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Why I Don't Use The 10:4:1 Social Media Posting Rule

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Posted by John Beveridge on Mar 24, 2014 6:41:26 AM

Why_I_Dont_Use_The_10_4_1_Social_Media_Posting_RuleIn April 2012, I wrote a blog article entitled, "How To Optimize Your Small Business Social Media Marketing Process With The 10:4:1 Rule." The article was an endorsement of a formula for social media posting created by Kipp Bodnar and Jeffrey Cohen in their book, The B2B Social Media Book. Here's an excerpt from the article that summarizes the rule:

"The 10-4-1 Rule is a ratio that serves as a guideline for the right balance of content to publish in social media. For every 15 of your social media updates, 10 should be pieces of other people's content, 4 should be your own blog articles, and 1 should be a landing page."

The thought behind the rule is that your social media posting shouldn't be a series of blatant sales pitches. If you do the math, you'll find that the 10:4:1 rule dictates that 67% of your postings should be other people's content and 33% should be your own. The message is that you should be helpful to your target audience when you post on your social media accounts.

I now use a 50/50 social media posting rule

In my current social media posting, half of the content I post is mine and half is content from others that I think will be useful to my target audience. While I still stick to the rationale behind the 10:4:1 rule, I'm posting more of my own content. The reason is simple: I've produced a lot of helpful content designed to educate SMB owners and executives to help them grow their companies. I have a library of over 200 blog articles that grows every week. When I first wrote the article, my library had about 10 blog articles in it.

My blog articles aren't sales pitches. They include how-to-articles, opinion pieces and observations on how to be successful in a highly challenging business environment. I do include calls-to-action that link to lead generation landing pages, but they link to content offers that are helpful as well and are entirely voluntary. I spend a lot of time and effort creating this content to help people and I want to share it.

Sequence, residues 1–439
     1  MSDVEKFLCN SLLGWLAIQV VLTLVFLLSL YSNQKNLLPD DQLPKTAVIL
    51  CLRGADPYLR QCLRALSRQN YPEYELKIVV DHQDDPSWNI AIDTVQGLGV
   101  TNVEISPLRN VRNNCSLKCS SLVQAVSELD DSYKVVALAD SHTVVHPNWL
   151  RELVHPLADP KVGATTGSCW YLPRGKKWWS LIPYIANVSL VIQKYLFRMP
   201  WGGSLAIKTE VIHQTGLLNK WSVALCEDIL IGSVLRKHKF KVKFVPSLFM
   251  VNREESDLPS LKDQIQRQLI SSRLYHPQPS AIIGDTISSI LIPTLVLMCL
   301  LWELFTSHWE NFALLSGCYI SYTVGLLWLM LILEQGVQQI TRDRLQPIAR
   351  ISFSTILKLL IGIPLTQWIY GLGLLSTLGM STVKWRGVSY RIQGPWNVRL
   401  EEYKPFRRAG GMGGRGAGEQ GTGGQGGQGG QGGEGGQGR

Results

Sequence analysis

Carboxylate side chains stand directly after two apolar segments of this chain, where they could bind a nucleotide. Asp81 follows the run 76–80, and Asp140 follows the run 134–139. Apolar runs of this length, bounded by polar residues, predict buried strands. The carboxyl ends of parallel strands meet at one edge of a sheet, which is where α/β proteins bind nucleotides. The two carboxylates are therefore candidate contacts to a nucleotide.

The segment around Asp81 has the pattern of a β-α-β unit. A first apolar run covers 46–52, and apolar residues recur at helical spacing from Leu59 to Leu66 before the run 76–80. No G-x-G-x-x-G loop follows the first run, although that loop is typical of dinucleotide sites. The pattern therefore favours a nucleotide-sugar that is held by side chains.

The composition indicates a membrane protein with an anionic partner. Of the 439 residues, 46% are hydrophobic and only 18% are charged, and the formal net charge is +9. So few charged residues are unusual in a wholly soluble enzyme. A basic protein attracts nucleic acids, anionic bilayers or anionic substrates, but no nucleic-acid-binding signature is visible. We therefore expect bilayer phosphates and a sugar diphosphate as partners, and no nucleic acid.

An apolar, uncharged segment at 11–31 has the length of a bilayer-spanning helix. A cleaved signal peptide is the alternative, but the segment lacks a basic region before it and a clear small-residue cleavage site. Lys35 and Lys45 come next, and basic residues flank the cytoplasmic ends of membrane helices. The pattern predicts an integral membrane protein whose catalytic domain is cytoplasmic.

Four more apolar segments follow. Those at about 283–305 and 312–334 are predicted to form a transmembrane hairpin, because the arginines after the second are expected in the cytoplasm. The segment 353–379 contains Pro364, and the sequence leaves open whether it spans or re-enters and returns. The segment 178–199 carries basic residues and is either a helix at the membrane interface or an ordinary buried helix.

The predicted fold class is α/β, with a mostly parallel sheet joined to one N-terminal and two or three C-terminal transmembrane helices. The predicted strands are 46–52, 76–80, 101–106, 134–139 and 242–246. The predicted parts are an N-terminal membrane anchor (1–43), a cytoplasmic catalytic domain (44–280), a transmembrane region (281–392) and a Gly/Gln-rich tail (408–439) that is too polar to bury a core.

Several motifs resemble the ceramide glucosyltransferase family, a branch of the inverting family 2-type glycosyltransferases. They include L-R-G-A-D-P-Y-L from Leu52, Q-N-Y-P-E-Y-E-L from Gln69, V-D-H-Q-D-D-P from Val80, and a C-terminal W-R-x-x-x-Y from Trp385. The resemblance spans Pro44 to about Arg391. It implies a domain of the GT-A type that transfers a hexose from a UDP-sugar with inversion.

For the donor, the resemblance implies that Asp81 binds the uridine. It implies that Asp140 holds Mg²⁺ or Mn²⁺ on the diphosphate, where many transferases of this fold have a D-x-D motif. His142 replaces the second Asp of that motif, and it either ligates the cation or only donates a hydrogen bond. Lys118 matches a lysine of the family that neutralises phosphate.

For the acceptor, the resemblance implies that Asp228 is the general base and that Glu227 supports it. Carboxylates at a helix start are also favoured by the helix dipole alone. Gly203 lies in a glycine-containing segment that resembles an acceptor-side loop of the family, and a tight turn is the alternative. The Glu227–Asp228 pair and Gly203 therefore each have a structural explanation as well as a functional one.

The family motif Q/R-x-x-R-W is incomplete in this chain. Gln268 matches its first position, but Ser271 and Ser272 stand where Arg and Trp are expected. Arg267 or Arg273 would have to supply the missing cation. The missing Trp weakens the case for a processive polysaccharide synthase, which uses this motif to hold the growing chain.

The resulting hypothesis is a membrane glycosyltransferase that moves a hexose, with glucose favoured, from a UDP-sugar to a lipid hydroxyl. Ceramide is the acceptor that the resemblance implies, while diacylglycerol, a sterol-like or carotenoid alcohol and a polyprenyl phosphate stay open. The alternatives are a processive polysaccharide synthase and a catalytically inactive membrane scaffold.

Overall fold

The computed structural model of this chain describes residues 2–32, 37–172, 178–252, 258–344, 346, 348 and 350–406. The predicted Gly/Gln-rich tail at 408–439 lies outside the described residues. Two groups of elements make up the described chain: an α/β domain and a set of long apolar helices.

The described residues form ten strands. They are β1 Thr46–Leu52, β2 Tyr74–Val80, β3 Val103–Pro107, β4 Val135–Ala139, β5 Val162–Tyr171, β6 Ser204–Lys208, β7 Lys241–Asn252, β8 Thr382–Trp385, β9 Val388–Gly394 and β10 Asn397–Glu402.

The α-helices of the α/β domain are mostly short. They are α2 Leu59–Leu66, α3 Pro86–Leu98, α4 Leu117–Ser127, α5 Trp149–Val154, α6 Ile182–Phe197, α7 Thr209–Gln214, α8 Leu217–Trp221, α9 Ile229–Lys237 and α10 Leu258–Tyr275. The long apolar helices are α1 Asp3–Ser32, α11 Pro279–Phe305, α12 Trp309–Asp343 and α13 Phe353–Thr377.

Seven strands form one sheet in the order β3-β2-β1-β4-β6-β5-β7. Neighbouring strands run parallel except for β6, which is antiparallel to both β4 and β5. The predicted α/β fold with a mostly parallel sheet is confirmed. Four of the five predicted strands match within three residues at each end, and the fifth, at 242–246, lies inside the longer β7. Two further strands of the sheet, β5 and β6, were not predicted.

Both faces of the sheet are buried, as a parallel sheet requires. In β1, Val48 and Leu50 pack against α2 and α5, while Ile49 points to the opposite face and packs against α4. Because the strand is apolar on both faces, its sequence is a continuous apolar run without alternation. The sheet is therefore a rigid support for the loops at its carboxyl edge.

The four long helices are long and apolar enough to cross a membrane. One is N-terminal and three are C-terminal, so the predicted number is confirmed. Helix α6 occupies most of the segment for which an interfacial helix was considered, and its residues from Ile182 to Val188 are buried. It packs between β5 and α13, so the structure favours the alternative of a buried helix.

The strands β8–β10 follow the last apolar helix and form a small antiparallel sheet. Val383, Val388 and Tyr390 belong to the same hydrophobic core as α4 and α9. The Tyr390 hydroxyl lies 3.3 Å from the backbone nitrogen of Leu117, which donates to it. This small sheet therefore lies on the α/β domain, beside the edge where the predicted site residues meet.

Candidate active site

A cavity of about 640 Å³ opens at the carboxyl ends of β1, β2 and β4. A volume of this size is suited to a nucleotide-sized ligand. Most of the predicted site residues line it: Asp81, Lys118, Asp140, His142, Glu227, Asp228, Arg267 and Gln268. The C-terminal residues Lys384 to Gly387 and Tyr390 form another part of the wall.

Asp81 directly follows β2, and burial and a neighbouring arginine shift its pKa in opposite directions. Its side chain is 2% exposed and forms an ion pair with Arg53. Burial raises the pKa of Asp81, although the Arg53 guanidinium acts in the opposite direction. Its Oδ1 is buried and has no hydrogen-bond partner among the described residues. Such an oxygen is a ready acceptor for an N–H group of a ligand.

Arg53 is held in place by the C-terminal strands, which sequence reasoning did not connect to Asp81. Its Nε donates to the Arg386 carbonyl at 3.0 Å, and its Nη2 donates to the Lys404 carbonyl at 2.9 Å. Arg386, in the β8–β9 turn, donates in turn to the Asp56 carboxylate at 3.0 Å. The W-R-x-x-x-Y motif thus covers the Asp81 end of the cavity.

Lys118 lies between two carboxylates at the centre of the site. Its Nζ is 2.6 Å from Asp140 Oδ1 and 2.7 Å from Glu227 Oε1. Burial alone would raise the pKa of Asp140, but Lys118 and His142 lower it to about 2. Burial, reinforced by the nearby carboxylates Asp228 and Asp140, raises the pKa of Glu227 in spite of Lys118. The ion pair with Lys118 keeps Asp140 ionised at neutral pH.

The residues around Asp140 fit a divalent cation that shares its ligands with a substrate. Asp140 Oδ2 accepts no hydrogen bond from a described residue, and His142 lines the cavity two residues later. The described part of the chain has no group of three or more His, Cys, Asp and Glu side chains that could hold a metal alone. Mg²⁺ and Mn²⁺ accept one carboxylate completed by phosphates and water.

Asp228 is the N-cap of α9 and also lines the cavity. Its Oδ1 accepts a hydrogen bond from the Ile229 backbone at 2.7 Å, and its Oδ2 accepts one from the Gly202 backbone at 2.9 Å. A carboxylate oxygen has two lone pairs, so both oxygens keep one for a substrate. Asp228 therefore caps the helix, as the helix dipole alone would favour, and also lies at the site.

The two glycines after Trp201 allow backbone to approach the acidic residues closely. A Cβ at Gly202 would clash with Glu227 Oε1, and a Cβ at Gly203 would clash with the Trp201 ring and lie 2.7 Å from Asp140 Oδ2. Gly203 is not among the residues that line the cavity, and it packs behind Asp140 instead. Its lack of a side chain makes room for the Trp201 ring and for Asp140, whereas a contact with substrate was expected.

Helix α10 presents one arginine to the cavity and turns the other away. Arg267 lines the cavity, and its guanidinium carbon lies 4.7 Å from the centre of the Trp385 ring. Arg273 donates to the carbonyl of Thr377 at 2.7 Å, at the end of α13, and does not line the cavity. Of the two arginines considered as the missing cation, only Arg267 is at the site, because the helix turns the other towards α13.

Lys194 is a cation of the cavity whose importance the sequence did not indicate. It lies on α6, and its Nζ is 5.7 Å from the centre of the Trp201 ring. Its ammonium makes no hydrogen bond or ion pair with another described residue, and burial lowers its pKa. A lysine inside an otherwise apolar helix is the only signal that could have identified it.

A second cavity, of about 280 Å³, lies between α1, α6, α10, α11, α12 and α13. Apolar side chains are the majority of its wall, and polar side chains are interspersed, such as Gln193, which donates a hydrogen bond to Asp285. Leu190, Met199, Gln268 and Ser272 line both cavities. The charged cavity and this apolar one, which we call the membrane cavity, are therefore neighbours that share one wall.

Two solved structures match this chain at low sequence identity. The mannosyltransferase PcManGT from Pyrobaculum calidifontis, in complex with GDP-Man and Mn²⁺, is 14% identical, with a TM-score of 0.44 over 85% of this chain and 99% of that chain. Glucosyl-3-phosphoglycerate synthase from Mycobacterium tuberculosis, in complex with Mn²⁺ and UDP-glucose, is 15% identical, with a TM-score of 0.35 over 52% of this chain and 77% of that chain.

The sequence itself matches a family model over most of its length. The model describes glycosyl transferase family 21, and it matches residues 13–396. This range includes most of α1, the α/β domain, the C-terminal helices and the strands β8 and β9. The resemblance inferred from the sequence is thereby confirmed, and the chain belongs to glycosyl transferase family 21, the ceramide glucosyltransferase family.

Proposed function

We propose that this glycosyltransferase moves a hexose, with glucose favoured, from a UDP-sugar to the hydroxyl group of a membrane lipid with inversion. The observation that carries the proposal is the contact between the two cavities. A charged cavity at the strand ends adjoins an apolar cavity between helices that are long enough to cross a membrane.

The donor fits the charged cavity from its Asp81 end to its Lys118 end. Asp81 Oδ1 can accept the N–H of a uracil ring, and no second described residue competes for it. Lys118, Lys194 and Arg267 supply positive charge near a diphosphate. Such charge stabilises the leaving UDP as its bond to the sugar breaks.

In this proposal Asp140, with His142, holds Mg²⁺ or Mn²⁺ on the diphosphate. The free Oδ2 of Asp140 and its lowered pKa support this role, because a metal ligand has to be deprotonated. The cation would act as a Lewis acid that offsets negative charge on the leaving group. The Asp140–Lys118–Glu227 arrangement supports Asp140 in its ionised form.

Although it varies, I usually schedule 4 social media post per day on the social media channels I target (Twitter, Facebook, LinkedIn and Google+.) Typically, I will post 2 blog articles from my library and 2 content pieces that I think will be useful to my audience. I very rarely post links to landing pages - generally when I publish a new eBook.

How to use the 50/50 social media posting rule and not be a salesy spammer

Here are some of the tenets I try to stick by when using the 50/50 social media posting rule:

  • Don't post the same content over and over again. It's only possible to post different content every day if you have a large library of articles. When I write a new blog article, I'll post it on a weekly basis 3 times after it's published. Everything else is done on a one-off basis. I review the traffic that each blog post generates and try to share content that is popular with my audience.
  • Make sure the content you're posting is helpful, not salesy. This should go without saying - you're content should demonstrate your value by being helpful, not by using a sledgehammer sales ptich.
  • Be careful how you post your content. This advice is primarily for those who are posting their content in LinkedIn groups. Starting discussions in LinkedIn Groups by posting one of your blog articles can be spammy. You've probably seen some LinkedIn Groups where the only discussions are blog articles from group members. This is usually spammy and self-serving. It's far better to have someone else post your content in the LinkedIn Group than you. Before you post one of your articles in a LinkedIn Group, you should spend time participating in the group and getting to know people. If your first interaction in a LinkedIn Group is to post your blog article, you're probably not making a lot of friends. A better way to post your content in LinkedIn Groups is to use it to answer questions that people have or add to discussions that have already been started.
  • Adjust your posting based on feedback. Software like HubSpot and HootSuite provides analytics that let you know how your posts resonate with your audience. Use this feedback to give the audience more of what they want.
  • Mix up your content. Post blog articles, videos, Slideshare presentations and infographics. Mix up how-to pieces with opinion pieces and current event articles. Don't be a one-trick pony.


The 10:4:1 rule is still a good foundation for effective social media posting. The tenet behind the 10:4:1 rule is that effective social media marketing aims to help people, not sell to them. For those of us who are producing a lot of good content, the 50/50 rule may be more appropriate. When using the 50/50 social media posting rule, keep in mind the thought behind the 10:4:1 rule - at all times, be helpful and useful to your target audience.

How To Transform Your Business With Social Media

Topics: Social Media

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